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Knee-to-Knee in the Air

Cindy Loose

Latest idea for packing people into airlines more efficiently: Save the room used by armrests by alternating the direction seats are pointed, with every other seat looking forward, and the others facing the back of the plane.

This would allow airlines to get in some extra seats, at least on some planes. For example, a Boeing 777 would have 10 seats in a middle row, instead of the current nine plus armrests.

According to the Times of London, British Airways is one of 10 airlines considering the new configuration. The other nine are not identified.

Maybe it's worth facing a stranger and perhaps facing the back of the plane to get a tad more leg room? You couldn't rest your head on your travel companion's shoulder, but you could put your hand on his or her knee. See any upsides and downsides, or alternative ideas for airplanes to get more seats on each plane?
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By Cindy Loose |  April 12, 2007; 10:53 AM ET  | Category:  Airline Industry , Cindy Loose
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Oh no. Please no. I have real problems riding backwards. It's a motion sickness thing. I can't imagine dealing with takeoff, facing backwards. This is completely horrifying to me.

Posted by: Jen | April 12, 2007 11:27 AM

Same here. If they ever put me in a rear-facing seat, they'll have to keep a steady supply of air sickness bags coming.

Unfortunately, I can see a real moneymaking opportunity here. Just as they've made coach more crowded and then offered roomier seats at extra cost, they could make the backward seats the coach standard, then charge extra for the privilege of sitting forward.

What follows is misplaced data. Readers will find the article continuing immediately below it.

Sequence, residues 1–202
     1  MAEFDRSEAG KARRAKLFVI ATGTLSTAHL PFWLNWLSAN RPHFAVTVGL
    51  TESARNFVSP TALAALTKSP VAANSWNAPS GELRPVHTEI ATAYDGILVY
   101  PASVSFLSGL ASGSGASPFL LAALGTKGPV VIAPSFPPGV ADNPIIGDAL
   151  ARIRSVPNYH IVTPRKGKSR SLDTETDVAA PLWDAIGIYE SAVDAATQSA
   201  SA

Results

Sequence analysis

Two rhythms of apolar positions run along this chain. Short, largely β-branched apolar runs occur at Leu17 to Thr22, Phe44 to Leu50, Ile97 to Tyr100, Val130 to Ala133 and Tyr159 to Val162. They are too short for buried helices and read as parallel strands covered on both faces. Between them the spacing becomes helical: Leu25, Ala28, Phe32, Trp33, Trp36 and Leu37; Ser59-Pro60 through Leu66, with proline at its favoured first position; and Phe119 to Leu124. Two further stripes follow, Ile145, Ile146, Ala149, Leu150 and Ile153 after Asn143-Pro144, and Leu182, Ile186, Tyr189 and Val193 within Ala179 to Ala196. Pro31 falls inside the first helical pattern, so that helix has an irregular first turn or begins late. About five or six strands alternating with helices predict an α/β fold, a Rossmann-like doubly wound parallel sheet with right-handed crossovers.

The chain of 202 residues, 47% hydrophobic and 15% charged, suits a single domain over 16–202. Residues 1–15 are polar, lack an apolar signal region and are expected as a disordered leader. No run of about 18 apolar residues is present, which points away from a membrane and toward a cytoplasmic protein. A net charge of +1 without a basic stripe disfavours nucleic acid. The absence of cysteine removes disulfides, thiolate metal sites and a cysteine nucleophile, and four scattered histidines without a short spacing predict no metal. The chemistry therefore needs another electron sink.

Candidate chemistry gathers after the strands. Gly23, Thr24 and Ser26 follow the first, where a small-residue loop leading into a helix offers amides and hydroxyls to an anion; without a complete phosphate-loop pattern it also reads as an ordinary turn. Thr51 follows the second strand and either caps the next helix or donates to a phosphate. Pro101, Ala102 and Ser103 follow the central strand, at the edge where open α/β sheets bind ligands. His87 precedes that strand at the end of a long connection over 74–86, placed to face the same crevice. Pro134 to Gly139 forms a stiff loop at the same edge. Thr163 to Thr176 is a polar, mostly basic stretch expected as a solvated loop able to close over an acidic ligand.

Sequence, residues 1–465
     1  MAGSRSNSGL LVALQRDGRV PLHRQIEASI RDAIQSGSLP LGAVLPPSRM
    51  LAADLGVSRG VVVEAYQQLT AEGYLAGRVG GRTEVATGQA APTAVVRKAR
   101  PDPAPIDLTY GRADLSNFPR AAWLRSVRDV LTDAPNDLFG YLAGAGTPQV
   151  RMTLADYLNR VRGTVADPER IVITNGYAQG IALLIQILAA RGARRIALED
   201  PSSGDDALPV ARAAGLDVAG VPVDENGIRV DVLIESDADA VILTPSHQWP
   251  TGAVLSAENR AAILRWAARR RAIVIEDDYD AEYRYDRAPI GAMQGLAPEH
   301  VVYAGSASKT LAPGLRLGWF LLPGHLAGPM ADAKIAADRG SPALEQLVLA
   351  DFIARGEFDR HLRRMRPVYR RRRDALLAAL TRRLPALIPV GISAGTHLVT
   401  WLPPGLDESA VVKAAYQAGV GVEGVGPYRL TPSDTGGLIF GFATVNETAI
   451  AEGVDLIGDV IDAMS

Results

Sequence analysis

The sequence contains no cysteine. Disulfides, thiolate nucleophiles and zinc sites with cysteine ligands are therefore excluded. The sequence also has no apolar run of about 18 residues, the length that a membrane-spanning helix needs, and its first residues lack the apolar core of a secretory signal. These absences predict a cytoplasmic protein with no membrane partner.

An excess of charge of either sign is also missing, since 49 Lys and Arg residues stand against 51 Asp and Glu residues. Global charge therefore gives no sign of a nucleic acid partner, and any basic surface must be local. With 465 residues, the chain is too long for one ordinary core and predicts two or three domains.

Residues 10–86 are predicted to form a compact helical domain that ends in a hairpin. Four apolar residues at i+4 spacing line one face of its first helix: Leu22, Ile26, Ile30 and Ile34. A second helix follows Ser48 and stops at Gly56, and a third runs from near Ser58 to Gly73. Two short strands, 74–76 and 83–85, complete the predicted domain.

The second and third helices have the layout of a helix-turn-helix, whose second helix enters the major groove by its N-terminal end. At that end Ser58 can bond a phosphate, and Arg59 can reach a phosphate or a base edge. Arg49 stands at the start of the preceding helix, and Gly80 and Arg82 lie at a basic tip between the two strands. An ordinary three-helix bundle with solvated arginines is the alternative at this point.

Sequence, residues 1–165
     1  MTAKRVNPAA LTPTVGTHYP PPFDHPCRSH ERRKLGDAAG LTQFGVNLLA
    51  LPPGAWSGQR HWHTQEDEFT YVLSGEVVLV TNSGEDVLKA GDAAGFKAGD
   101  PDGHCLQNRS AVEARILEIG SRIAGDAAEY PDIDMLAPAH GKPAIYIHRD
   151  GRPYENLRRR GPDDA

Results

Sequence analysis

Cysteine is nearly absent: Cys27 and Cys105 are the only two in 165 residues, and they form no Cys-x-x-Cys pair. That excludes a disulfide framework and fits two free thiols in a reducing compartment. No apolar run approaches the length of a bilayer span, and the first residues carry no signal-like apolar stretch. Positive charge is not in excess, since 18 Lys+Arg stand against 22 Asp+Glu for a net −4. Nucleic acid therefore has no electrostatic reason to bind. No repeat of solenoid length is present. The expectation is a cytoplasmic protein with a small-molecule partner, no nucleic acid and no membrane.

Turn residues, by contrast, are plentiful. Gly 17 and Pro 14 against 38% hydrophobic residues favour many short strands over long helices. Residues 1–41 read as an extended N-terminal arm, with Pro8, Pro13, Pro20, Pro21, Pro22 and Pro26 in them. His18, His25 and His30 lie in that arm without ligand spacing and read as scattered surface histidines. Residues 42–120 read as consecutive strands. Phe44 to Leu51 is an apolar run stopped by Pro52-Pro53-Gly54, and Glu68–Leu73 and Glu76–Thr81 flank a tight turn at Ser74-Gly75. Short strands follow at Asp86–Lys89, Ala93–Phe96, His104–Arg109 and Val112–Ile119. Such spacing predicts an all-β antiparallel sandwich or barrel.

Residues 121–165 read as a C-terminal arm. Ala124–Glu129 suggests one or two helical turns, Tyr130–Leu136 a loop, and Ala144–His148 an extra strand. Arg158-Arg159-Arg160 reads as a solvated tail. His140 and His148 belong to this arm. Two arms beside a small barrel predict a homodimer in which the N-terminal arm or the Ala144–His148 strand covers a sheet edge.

This is an even worse idea than the (very) short-lived suggestion that they prop passengers up in a standing position to fit in more seats.

Posted by: jane | April 12, 2007 11:57 AM

I was once on a flight from Heathrow to Newark on British Airways and (I suppose) because my connecting flight into London was rather late, I was one of the last people to board the plane and got upgraded from World Traveller to Club World. This sort of seat configuration is used in Club World, and I had a rear facing seat. I, too, thought I would be dizzy, but it turned out fine. (I sometimes get dizzy riding backwards on Metro). Can't really explain why, but maybe the plane is so large, and you can't see outside, that it's harder to notice how fast you're going.

Posted by: Drew | April 12, 2007 1:12 PM

I have no motion sickness issues, but I have real issues with having to share the space in front of me with complete strangers, as opposed to a complete stranger's seatback. I've ridden in facing seats on New York City's commuter trains, and even though I'm short (5'4"), there's never enough legroom and you wind up feeling awkward and cramped for the entire trip. On a commuter train that's bearable, but on an 8-hour transoceanic haul? I don't think so.

And who wants to be the stew who has to manage the 8 people in the 4-seat facing grouping on Ms. Loose's reconfigured -777 if 5 of them are a family with three little kids and the other three are solo business travelers? Unless the stew is a licensced pharmacist who's dispensing pills, perhaps...